What is a VA Disability Nexus Letter for PTSD?

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What is a VA Disability Nexus Letter for PTSD? If you’re reading this, then you are probably familiar with the basics of a VA disability claim.  Before we discuss what a medical nexus letter is lets review the basics. To win a VA disability claim, the veteran must prove all required elements of that specific claim.  In general, VA will only grant your claim if you prove these 3 elements:

  1. Current diagnosis of a disability,
  2. In-service event, disease or injury, and
  3. Medical nexus between the first 2 elements.

A veteran’s doctor can provide a current diagnosis.  Either service records or witness statements can prove the in-service event.  The medical nexus requirement is often the most challenging element to prove.

What is a VA Disability Medical Nexus Letter for PTSD?

A good medical nexus letter can be the difference between winning your PTSD claim and losing it.  However, it is not enough for a doctor to state that the current diagnosis is related to the in-service event.  Unless the letter meets certain requirements, VA will not accept it as evidence.  A strong medical nexus letter should:

  • Be written by a qualified medical professional,
  • Be based on the veteran’s medical history both during and after service,
  • Include an opinion on the likelihood that the veteran’s disability was caused or aggravated by the in-service event, and
  • Include an explanation for the opinion that is easy to understand.

VA Disability Nexus Letter for PTSD: Qualified medical professional

As the term suggests, only a medical professional can provide a medical nexus letter.   This means that a veteran should only seek this from someone with the appropriate medical training.  In limited circumstances, non-doctors such as physician’s assistants and nurse practitioners can write medical nexus letters.  However, keep in mind that VA may get a competing nexus letter from someone more qualified than a nurse practitioner.


In all cases, a veteran should seek the most competent medical professional for this important task.  For example, if you need a medical nexus letter for PTSD, then you should probably consult a mental health professional like a psychologist or psychiatrist.  A PTSD nexus letter from an orthopedist probably would not help your case.  Choose your author wisely, and make sure the letter includes his/her qualifications and contact information.

VA Disability Nexus Letter for PTSD: Medical history provides context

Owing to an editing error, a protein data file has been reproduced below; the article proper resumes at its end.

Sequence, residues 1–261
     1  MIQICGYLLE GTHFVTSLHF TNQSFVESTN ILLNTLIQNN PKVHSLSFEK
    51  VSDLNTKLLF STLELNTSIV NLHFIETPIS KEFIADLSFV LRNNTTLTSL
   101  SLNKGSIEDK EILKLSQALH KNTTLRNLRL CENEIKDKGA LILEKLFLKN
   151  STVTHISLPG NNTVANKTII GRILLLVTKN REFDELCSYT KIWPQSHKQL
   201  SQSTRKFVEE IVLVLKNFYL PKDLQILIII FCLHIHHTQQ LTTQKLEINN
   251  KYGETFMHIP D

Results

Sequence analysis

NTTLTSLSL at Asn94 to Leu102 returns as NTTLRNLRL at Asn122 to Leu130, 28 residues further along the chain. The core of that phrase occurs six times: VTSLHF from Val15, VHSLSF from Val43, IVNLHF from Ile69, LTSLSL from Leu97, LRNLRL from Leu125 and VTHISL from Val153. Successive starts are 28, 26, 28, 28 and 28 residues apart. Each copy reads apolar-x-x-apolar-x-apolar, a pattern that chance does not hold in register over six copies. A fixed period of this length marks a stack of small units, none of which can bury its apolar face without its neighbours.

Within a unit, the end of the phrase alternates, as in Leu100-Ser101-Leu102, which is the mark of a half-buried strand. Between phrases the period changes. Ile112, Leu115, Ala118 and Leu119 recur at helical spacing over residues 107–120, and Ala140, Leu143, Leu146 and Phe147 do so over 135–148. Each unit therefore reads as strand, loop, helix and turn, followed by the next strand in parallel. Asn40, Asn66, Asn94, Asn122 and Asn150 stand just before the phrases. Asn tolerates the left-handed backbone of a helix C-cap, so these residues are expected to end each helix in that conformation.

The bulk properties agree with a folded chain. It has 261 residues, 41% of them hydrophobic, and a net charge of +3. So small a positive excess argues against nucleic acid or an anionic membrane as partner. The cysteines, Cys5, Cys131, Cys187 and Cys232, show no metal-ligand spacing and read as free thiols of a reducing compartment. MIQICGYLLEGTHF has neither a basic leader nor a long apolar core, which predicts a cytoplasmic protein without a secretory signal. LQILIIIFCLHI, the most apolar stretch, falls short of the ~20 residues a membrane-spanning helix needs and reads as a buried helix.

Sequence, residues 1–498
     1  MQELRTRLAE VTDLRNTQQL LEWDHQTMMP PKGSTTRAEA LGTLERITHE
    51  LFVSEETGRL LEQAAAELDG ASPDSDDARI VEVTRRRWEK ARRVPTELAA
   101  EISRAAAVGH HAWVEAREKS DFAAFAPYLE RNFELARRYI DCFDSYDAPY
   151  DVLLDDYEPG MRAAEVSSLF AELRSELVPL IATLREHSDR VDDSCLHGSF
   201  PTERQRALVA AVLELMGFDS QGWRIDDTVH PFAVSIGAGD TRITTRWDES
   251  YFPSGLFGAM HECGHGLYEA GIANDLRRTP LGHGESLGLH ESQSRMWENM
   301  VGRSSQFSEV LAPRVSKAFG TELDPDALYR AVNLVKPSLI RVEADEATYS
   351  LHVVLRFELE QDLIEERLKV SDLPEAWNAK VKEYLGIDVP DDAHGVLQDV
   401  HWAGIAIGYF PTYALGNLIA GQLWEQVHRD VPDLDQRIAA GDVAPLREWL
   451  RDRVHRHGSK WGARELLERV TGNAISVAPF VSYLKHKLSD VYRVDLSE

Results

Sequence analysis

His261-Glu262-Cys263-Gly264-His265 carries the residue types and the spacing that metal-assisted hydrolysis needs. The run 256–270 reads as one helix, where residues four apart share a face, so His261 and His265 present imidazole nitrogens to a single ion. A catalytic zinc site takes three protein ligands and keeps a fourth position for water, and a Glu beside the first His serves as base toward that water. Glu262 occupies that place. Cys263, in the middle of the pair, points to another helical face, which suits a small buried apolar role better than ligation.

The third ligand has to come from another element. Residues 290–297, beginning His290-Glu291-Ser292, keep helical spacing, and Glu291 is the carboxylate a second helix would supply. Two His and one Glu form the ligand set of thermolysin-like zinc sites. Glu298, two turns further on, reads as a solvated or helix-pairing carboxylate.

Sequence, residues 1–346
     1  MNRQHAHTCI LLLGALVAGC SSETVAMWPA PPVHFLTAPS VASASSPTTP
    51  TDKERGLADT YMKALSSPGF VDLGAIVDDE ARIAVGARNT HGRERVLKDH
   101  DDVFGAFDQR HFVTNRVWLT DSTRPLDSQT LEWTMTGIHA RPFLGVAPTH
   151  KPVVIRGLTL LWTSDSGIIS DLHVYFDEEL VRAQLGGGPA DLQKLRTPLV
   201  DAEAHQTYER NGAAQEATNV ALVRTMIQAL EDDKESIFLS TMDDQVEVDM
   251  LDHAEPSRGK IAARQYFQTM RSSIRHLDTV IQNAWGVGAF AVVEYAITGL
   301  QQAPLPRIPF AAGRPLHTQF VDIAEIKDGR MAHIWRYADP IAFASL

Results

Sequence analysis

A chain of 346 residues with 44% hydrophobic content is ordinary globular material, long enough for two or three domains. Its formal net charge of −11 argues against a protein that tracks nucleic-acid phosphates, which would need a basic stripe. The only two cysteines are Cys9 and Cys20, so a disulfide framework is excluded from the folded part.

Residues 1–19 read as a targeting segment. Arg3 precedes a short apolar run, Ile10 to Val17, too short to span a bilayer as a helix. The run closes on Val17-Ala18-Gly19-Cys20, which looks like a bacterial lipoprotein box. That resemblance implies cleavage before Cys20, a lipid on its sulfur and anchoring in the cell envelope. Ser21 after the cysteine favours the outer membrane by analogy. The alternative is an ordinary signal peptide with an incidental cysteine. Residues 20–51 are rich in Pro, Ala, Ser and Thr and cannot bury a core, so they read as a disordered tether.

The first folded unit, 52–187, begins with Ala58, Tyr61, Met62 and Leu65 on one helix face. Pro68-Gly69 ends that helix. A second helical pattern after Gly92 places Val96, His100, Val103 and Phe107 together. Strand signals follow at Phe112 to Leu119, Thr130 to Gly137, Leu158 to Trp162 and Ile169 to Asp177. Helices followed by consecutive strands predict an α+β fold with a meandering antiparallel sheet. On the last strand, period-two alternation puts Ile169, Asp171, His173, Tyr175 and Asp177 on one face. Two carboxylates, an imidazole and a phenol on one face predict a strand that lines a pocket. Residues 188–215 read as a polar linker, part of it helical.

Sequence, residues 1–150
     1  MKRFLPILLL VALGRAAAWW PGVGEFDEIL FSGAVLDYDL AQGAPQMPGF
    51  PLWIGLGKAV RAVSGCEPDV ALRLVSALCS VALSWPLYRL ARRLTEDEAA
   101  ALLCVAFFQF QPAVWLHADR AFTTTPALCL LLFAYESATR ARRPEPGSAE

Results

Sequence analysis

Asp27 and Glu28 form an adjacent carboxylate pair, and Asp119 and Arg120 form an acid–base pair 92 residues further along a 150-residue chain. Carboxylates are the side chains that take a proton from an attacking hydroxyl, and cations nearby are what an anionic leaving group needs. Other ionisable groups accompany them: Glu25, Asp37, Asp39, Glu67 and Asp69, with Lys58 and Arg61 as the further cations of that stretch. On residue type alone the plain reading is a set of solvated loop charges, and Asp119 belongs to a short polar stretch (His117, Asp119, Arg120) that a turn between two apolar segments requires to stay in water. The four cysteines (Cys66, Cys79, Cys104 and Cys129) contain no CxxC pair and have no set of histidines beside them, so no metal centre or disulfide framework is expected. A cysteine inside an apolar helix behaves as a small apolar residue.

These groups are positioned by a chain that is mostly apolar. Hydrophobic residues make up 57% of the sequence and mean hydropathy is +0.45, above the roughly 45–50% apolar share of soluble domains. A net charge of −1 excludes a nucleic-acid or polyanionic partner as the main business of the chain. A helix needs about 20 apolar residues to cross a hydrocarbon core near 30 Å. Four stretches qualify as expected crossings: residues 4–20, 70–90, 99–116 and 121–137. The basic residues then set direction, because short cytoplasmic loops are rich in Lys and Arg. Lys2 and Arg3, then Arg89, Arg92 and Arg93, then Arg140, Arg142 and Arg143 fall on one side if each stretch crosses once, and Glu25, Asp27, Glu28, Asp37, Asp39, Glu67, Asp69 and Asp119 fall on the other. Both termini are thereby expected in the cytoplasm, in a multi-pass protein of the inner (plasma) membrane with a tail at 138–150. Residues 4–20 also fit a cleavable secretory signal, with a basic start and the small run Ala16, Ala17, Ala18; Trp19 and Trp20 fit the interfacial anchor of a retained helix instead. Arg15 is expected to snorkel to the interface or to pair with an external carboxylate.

When it comes to what caused a disability, context is everything.  If the medical professional doesn’t know the service and post-service medical history, then how can he tell what caused the disability?  This requirement helps VA avoid paying veterans for disabilities unrelated to service.  Let’s say a veteran is seeking a medical nexus letter for PTSD and PTSD.  He tells his doctor that the PTSD must have been related to racial discrimination he suffered in service, and the PTSD followed soon after.  However, his medical records show there was no PTSD diagnosis until he was involved in a fatal car accident 12 years after discharge.  If the doctor writes a medical nexus letter without this context, then VA would probably reject it outright.

VA Disability Nexus Letter for PTSD: What if the doctor is not 100% sure?

While the burden is on the veteran to prove his claim, the standard of proof is much lower than in criminal or civil cases.  A VA disability nexus letter for PTSD does not need to express 100% certainty.  It does not even need to be beyond a reasonable doubt.  If your doctor finds there is at least a 50/50 chance that your disability is related to service, then that is enough to win.  In other words, a good medical nexus letter states that it is “at least as likely as not” that the disability is related to service.  Of course, if your doctor believes it is more likely than not, then this only strengthens the nexus letter.  The more context a veteran provides, the more certain a doctor can be of the relationship to service.

VA Disability Nexus Letter for PTSD: How did you get to your conclusion?

Most of the value of a medical nexus letter comes from its reasoning.  If it only contains data and conclusions, then VA will reject it.  A nexus letter that merely lists the evidence reviewed without explaining why it led to the conclusion has no value.  At a minimum, the explanation must allow VA to conclude that the doctor applied valid medical analysis to the facts pf the case.

Example of a VA Disability Nexus Letter for PTSD

Let’s say you are seeking a medical nexus letter for PTSD.  For the past 5 years, you’ve seen a psychiatrist for regular treatment.  After the doctor agrees to help, you give him full access to your military and civilian medical records.  During his review, the doctor notes that you had in-service medical treatment for symptoms of PTSD.  The doctor also notes that the PTSD was diagnosed less than 2 years after service.  After reviewing medical literature, the doctor agrees that “it is at least as likely as not that” your PTSD is related to your military service.  His medical nexus letter should explain why the in-service symptoms and the post-service diagnosis matters.  It should also cite any medical literature that supports his opinion.  This would be a very strong medical nexus letter for PTSD.

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How Can I Get TDIU?

How Can I Get TDIU?

Many veterans are unable to earn a living because of service-connected disabilities. Congress created a special benefit called TDIU to help these veterans live comfortably. Also known as Unemployability. TDIU pays the same monthly amount as a 100% disability rating.